Multi-finger pressing synergies change with the level of extra degrees of freedom

Sohit Karol, You Sin Kim, Junfeng Huang, Yoon Hyuk Kim, Kyung Koh, Bum Chul Yoon, Jae Kun Shim

Research output: Contribution to journalArticlepeer-review

10 Citations (Scopus)


The purpose of this study was to test the principle of motor abundance, which has been hypothesized as the principle by which the central nervous system controls the excessive degrees of freedom of the human movements, in contrast to the traditional negative view of motor redundancy. This study investigated the changes in force stabilizing and moment stabilizing synergies for multi-finger pressing tasks involving different number of fingers. Twelve healthy subjects produced a constant pressing force while watching visual feedback of the total pressing force for the fingers involved in each task. Based on the principle of motor abundance, it was hypothesized that the multi-finger synergies for the total force stabilizing synergy and the total moment stabilizing synergy would be greater as the number of task finger increases. Force stabilizing and moment stabilizing synergies were quantified using the framework of the uncontrolled manifold analysis. It was found that strong force stabilizing synergies existed for all the finger combinations. The index of force stabilizing synergies was greater when the task involved more number of fingers. The index of moment stabilizing synergies was negative for the two-finger combination, representing moment destabilizing synergies. However, the index of moment stabilizing synergies was positive for three-finger and four-finger combinations, representing strong moment stabilizing synergies for these finger combinations. We interpret the findings as an evidence for the principle of abundance for stabilization of both, total force as well as total moment.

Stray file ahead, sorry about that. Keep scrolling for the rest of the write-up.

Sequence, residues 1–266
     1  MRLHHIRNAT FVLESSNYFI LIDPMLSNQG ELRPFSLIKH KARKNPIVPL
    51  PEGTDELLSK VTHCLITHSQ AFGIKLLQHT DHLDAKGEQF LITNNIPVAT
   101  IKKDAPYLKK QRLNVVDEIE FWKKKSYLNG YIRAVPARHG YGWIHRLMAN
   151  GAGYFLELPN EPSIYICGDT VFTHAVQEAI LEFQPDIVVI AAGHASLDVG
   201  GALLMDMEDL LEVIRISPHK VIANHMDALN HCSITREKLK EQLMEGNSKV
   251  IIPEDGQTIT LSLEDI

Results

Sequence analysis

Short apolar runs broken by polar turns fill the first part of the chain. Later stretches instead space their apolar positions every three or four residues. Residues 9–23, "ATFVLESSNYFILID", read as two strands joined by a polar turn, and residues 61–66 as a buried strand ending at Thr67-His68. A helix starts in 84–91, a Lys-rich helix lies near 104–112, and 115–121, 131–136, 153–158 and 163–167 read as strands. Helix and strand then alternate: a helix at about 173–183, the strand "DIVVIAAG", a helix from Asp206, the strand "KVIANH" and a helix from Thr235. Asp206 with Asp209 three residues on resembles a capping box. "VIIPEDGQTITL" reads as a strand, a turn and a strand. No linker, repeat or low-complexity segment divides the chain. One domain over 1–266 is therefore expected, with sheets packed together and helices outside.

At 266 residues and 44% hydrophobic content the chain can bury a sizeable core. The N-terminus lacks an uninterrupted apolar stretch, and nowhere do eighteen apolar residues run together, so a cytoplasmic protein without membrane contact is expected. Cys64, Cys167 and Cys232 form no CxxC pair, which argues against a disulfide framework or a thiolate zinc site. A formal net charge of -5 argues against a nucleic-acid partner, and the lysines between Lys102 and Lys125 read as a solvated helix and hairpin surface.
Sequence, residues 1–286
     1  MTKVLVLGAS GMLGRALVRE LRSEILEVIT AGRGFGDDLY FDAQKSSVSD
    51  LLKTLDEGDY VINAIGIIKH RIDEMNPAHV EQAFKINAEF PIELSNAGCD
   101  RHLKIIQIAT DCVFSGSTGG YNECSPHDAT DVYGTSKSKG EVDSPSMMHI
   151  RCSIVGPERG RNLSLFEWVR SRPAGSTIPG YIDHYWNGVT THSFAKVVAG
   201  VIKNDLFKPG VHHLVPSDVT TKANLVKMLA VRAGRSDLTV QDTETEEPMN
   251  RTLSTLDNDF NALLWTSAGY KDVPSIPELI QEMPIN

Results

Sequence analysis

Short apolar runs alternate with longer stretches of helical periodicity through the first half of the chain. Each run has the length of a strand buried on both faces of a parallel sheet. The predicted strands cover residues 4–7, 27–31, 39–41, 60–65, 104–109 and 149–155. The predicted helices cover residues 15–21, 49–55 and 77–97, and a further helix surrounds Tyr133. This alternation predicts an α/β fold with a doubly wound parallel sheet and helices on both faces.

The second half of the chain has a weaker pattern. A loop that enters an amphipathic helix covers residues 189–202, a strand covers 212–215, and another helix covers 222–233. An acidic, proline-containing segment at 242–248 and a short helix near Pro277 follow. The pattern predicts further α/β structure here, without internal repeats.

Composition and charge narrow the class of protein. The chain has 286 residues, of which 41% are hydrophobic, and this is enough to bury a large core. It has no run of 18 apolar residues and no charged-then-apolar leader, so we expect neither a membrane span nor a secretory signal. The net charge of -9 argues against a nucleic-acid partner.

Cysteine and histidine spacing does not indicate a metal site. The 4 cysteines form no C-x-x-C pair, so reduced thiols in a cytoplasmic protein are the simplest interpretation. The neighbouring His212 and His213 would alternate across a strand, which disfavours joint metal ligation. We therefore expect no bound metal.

Original languageEnglish
Pages (from-to)359-367
Number of pages9
JournalExperimental Brain Research
Issue number3
Publication statusPublished - 2011 Feb

Bibliographical note

Funding Information:
Acknowledgments This study was supported in part by Maryland Industrial Partnerships (MIPS) Program, Seoul Olympic Sports Promotion Foundation of the Ministry of Culture, Sports and Tourism of Korea, Kyung Hee University International Scholars Program, and University of Maryland Department of Kinesiology Graduate Research Initiative Project (GRIP) Award.


  • Degrees of freedom
  • Finger
  • Motor abundance
  • Motor redundancy
  • Synergy

ASJC Scopus subject areas

  • General Neuroscience


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